At this morning's Frankfurt Auto Show, the wraps finally came off the production version of the 2015 BMW i8, the plug-in hybrid coupe that's the high-performance counterpart to the 2014 BMW i3 electric urban car.

Among other details, BMW announced U.S. pricing for the car, which will go on sale next spring.

The BMW i8 will start at $135,925 including destination--or roughly three times the cost of the smaller i3 battery-electric car.

Both cars have strong but light bodies made of carbon-fiber reinforced plastic (CFRP) riding on an aluminum rolling platform that holds the running gear, including battery packs, electric motors, and in the case of the i8, a rear-mounted 1.5-liter turbocharged three-cylinder engine.

But the 2015 BMW i8 is the company's first-ever plug-in hybrid. The company's press release calls it a "revolutionary interpretation" of BMW's tradition of driving pleasure, and for once, the word "revolutionary" may not be hyperbole.

The car's statistics are impressive: curb weight of just 3,285 pounds, a drag coefficient of 0.26, and a center of gravity less than 18 inches above the ground.

2015 BMW i8

2015 BMW i8

The powertrain is designed for performance; the turbocharged three-cylinder engine puts out 231 horsepower and 236 lb-ft of torque, driving the rear wheels through a six-speed automatic gearbox.

Then there's a separate electric motor that powers the front wheels, rated at 96 kilowatts (131 hp) and 184 lb-ft of torque.

The BMW i8 can run up to 22 miles on electric power alone, at a top speed limited to 75 mph. Or the engine can power the rear wheels, or both front and rear wheels can be driven together for maximum performance--with the car's vehicle control software modulating power between the two different sources.

That arrangement makes the BMW i8 what's called a "through-the-road hybrid," a formulation also used by the far more expensive and limited-edition Porsche 918 Spyder plug-in hybrid sports car.

Performance with all wheels driven is simply the sum of the two maximums: power output of 362 hp and torque of 420 lb-ft.

The lithium-ion battery pack is mounted not in the floorpan, as in the i3 hatchback, but in the tunnel between the car's two seats. BMW rates its usable capacity at 5 kilowatt-hours, and notes that the pack is liquid-cooled to minimize the effect of temperature extremes on its performance.

While BMW notes that the i8 is rated at a combined fuel consumption of 2.5 liters per 100 km gallon on the EU test cycle (or 94 miles per gallon), we'll wait to see how the EPA rates the car's range and efficiency in electric mode, and its gas mileage when running on the engine.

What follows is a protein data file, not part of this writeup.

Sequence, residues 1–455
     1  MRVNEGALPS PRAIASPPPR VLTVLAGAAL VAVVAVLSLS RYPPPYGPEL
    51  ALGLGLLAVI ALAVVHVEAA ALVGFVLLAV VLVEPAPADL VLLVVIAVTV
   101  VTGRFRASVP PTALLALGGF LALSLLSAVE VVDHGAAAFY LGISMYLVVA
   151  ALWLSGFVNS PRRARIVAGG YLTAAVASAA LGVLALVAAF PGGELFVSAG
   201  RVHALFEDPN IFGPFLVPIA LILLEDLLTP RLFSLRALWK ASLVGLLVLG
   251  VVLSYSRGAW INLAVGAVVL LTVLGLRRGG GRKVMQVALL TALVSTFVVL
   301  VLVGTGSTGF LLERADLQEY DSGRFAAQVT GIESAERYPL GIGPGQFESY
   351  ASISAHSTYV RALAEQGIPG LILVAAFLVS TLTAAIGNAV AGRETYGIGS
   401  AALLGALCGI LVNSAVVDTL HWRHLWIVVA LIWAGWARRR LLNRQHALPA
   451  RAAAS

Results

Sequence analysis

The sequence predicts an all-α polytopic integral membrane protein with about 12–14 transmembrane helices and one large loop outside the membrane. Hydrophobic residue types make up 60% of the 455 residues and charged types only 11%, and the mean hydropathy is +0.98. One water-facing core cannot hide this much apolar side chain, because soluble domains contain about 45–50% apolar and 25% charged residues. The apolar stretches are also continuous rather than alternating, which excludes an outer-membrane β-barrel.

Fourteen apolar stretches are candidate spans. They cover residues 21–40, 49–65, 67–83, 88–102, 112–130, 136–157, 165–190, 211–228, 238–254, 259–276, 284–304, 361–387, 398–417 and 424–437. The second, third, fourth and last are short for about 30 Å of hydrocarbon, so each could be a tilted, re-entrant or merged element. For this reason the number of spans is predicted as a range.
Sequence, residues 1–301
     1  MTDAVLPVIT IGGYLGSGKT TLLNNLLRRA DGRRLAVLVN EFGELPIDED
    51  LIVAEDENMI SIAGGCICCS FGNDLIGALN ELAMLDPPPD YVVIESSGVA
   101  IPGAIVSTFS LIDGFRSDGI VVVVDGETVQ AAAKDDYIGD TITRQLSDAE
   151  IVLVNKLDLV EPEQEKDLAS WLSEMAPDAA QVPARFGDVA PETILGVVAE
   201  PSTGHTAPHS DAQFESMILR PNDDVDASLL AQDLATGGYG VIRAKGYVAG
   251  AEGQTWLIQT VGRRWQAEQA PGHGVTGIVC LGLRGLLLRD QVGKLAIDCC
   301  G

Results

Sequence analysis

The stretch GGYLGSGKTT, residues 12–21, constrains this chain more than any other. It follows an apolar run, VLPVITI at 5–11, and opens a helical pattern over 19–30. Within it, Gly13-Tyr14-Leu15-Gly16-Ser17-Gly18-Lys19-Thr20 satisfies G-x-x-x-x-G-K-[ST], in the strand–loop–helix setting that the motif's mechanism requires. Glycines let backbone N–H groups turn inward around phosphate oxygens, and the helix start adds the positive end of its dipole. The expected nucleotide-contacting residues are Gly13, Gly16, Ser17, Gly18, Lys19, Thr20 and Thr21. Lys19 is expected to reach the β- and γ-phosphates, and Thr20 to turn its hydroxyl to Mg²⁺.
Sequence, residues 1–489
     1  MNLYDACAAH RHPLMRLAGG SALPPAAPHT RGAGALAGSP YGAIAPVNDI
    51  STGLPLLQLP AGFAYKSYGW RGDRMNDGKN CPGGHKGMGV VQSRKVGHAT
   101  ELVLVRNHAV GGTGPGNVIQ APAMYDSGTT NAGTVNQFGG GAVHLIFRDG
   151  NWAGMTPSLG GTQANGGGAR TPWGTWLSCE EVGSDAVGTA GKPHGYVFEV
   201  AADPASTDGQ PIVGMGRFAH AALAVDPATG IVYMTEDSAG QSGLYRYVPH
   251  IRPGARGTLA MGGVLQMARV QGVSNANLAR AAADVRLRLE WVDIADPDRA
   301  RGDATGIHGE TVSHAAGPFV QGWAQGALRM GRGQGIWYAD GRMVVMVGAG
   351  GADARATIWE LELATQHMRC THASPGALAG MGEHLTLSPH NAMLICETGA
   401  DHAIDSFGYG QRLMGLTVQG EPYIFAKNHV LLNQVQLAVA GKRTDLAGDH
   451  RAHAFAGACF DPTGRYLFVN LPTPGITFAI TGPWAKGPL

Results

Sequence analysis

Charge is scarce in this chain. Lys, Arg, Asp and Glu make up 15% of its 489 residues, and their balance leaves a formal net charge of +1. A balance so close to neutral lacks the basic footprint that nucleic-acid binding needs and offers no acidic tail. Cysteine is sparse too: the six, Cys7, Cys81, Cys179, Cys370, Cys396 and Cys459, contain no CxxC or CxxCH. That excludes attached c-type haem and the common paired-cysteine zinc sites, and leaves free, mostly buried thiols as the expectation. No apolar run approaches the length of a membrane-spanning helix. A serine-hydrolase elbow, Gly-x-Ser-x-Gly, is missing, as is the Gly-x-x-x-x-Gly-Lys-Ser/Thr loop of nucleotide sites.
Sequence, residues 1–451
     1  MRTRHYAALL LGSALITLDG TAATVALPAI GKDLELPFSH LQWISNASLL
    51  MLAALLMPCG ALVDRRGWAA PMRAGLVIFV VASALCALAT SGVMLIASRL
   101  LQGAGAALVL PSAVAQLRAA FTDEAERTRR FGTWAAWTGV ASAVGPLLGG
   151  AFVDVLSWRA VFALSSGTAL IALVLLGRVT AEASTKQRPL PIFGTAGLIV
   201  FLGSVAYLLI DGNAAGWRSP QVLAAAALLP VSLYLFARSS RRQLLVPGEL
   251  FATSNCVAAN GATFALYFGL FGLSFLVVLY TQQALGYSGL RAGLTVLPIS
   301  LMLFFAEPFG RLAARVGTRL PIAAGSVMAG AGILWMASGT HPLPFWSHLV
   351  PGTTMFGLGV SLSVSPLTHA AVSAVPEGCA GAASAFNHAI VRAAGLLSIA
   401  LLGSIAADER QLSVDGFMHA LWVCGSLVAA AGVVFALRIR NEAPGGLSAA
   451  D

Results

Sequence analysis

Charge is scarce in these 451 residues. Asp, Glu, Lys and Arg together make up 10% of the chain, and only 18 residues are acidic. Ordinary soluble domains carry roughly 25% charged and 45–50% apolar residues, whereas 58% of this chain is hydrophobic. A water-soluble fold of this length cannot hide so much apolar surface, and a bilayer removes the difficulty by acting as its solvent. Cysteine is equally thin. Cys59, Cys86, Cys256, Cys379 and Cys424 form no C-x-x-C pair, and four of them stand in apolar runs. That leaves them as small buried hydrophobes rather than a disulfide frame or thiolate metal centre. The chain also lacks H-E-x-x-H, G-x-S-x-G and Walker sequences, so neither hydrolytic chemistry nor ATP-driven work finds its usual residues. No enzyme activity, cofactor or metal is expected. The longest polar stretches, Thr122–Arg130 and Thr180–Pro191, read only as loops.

BMW notes that the combination of a "Driving Experience Control" switch and an eDrive button provides five different ways to travel.

Of three modes, All-Electric uses only the battery and electric motor,  Comfort balances handling and efficiency, for more than 310 miles of range, and Sport is the high-performance setting, in which the electric motor provides boost for additional speed.

Teaser for 2015 BMW i8

Teaser for 2015 BMW i8

As in the BMW ActiveE prototype, there's also an EcoPro setting that can be used in All-Electric and Comfort modes to give more efficient travel at the expense of some acceleration.

The basic body shape has been seen in numerous spy photos by now, and the production model forgoes some of the flourishes seen on early concept versions, including lower door panels made of glass.

The doors still open upward like wings, however, a touch guaranteed to draw attention, and the cars use a new and "fresh interpretation of BMW design" that will likely be carried over into future plug-in models in the BMW i sub-brand.

The production BMW i8 has standard full LED headlights, and where they are legally permitted, laser headlights--a world first.

Wheels that are fully 20 inches in diameter are also standard, among the largest of any two-seat car on the market.

BMW says the 2015 i8 represents "a new era of sustainable performance."

Whether the car performs as well as other two-seat coupes in its sector--or whether the BMW i3 and BMW i8 may be too radical for the carmaker's traditional buyers--remains to be seen.


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